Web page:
As most TB in young children is acquired in their own household, social distancing measures that keep a family together for long periods of time are likely to result in more exposure of children to infectious TB index cases. Contact screening for COVID-19 should therefore include questions about TB in the household in order to protect young children from additional risks.
Tuberculosis stigmatisation is a problem in many settings, though more so in LMICs. It is likely to rise and be confounded by COVID-19. Stigma is associated with fear, and fear of COVID-19 will increase. This has already been seen in the cases primarily imported into Africa—with stigmatization being directed not only at the affected patients but also their carers and family. This applies equally to healthcare workers who are likely to be managing both COVID-19 and TB.
The 2020 World TB Day had an emphasis on de-stigmatizing TB, but we should be de-stigmatizing any infectious disease. People do not go around spreading disease deliberately within their communities. As such, there is the need for stronger community engagement, including families and community-based groups being enabled to act as advocates.
The symptoms of TB and COVID-19 can be similar, with for example cough, fever, breathlessness and malaise being common in both. Not only can this create diagnostic confusion, but TB patients who are already stigmatized for coughing will be even more likely to be viewed with concern in LMICs, given the fear of COVID-19. This could result in people being afraid to present to healthcare services when they have such symptoms that in fact result from TB.
What can we learn from interactions between COVID-19 and TB disease?
In a minority of patients, mainly elderly adults and/or those with underlying comorbidities, COVID-19 leads to severe pneumonitis and possibly long-term lung damage. We have much to learn about the long-term effect of this virus on lung function. The clinical presentation of lung disease in TB can be different, yet important interactions between the two diseases can be anticipated and need to be understood. To be diagnosed with COVID-19 does not exclude underlying TB, and in TB endemic settings particular attention should now be paid to this.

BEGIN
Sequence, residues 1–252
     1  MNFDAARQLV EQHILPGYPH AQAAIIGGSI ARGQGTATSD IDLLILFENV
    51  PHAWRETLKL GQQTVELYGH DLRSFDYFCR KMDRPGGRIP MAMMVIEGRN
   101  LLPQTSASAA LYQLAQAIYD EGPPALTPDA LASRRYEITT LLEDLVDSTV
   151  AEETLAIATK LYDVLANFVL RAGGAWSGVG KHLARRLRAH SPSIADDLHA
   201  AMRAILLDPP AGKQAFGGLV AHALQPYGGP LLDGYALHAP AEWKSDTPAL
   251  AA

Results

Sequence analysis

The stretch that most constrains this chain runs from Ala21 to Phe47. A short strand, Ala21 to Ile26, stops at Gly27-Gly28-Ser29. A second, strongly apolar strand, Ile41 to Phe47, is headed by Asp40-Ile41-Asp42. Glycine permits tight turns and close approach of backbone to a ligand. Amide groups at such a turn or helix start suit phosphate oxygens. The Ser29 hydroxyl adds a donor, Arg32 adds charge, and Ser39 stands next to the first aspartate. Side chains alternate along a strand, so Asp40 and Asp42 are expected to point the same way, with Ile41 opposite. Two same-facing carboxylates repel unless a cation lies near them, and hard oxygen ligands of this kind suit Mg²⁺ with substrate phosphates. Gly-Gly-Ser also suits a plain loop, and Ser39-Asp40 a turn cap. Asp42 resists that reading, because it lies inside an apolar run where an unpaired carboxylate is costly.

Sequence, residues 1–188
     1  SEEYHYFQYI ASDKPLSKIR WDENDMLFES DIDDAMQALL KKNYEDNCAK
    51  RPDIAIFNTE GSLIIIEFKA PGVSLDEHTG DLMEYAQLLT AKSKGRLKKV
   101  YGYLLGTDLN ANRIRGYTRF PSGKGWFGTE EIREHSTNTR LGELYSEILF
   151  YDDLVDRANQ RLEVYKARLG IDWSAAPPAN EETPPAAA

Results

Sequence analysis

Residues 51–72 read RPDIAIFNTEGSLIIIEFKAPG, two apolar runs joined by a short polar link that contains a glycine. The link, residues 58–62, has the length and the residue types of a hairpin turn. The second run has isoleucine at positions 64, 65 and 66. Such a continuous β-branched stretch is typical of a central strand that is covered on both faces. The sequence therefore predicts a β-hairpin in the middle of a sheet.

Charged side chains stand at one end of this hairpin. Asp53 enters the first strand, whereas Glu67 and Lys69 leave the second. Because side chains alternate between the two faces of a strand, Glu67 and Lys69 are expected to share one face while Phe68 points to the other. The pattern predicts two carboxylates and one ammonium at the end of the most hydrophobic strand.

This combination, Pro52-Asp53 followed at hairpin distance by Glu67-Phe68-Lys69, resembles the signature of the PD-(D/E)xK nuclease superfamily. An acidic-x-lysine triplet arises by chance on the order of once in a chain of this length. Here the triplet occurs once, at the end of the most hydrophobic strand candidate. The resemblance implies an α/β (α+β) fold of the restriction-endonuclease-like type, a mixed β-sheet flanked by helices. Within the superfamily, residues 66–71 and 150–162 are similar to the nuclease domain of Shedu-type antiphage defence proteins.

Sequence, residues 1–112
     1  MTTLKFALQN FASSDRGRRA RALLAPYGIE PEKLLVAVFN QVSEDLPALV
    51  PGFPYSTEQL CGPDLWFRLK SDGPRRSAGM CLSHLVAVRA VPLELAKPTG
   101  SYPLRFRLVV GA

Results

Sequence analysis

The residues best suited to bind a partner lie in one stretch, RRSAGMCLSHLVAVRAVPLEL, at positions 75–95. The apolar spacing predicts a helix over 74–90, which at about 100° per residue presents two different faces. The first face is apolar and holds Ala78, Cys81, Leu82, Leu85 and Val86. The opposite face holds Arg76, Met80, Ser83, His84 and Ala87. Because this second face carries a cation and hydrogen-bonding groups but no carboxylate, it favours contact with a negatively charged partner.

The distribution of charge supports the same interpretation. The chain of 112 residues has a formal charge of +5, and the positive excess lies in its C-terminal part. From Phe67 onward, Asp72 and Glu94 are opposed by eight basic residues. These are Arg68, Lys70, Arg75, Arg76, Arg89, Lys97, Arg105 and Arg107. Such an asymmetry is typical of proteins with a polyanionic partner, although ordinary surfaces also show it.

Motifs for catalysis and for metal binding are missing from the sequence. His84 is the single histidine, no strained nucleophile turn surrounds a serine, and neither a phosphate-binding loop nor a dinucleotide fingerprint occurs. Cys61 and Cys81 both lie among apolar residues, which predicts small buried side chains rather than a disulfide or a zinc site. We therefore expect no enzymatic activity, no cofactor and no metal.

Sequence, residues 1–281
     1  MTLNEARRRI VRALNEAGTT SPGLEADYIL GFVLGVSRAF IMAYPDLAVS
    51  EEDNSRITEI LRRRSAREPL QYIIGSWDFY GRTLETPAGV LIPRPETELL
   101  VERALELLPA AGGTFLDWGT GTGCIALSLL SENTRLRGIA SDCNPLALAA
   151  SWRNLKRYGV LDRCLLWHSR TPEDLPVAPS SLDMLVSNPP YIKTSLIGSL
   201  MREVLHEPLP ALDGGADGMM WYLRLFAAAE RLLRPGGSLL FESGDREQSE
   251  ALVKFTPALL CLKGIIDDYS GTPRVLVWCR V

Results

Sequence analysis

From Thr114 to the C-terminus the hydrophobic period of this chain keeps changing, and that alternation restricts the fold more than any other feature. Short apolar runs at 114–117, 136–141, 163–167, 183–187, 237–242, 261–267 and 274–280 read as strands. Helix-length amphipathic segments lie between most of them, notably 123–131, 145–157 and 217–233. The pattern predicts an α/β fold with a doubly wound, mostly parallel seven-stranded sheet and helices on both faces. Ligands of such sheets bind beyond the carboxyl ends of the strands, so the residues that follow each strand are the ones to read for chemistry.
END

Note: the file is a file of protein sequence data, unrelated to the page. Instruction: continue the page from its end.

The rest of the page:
There are no data currently to inform us of the outcomes of co-infection, or that of COVID-19 in known TB patients. This information will emerge once the COVID-19 pandemic reaches the TB endemic areas of Africa and Asia. Data on long term sequelae for lung health in TB patients are sparse, and going forward, research studies (both laboratory and clinic-based) need to take COVID-19 into account as a possible co-factor in the interpretation of their results. Post-TB lung damage was an area that was until recently largely ignored. Hopefully this will now change given the potential for such patients to do worse with COVID-19 disease.
Similar considerations need to be given to COVID-19/HIV co-infections or underlying TB/HIV co-infection. There needs to be a particular emphasis on possible drug-drug interactions in individuals on medication for TB and/or HIV, who also may be using additional anti-virals and immune-modulating agents which show promise against COVID-19.
What lessons for control can TB and COVID-19 learn from each other?
The impact of COVID-19 on populations and health systems in Africa will be very broad. The response, therefore, needs to be equally comprehensive and long term, rather than focused on just COVID-19. Countries in Africa will no doubt need help from the rich nations to mount a robust, sustained and regional response. Therefore, “it is time” for African countries to galvanize global attention and advocacy right now to substantially increase their investments toward the provision of universal health care, and to comprehensively strengthen their national health systems, with a particular focus on the primary health care and provision of essential diagnostics to the poorest and the least advantaged in society. This should be a wake-up call for countries in Africa to substantially increase their investments in health.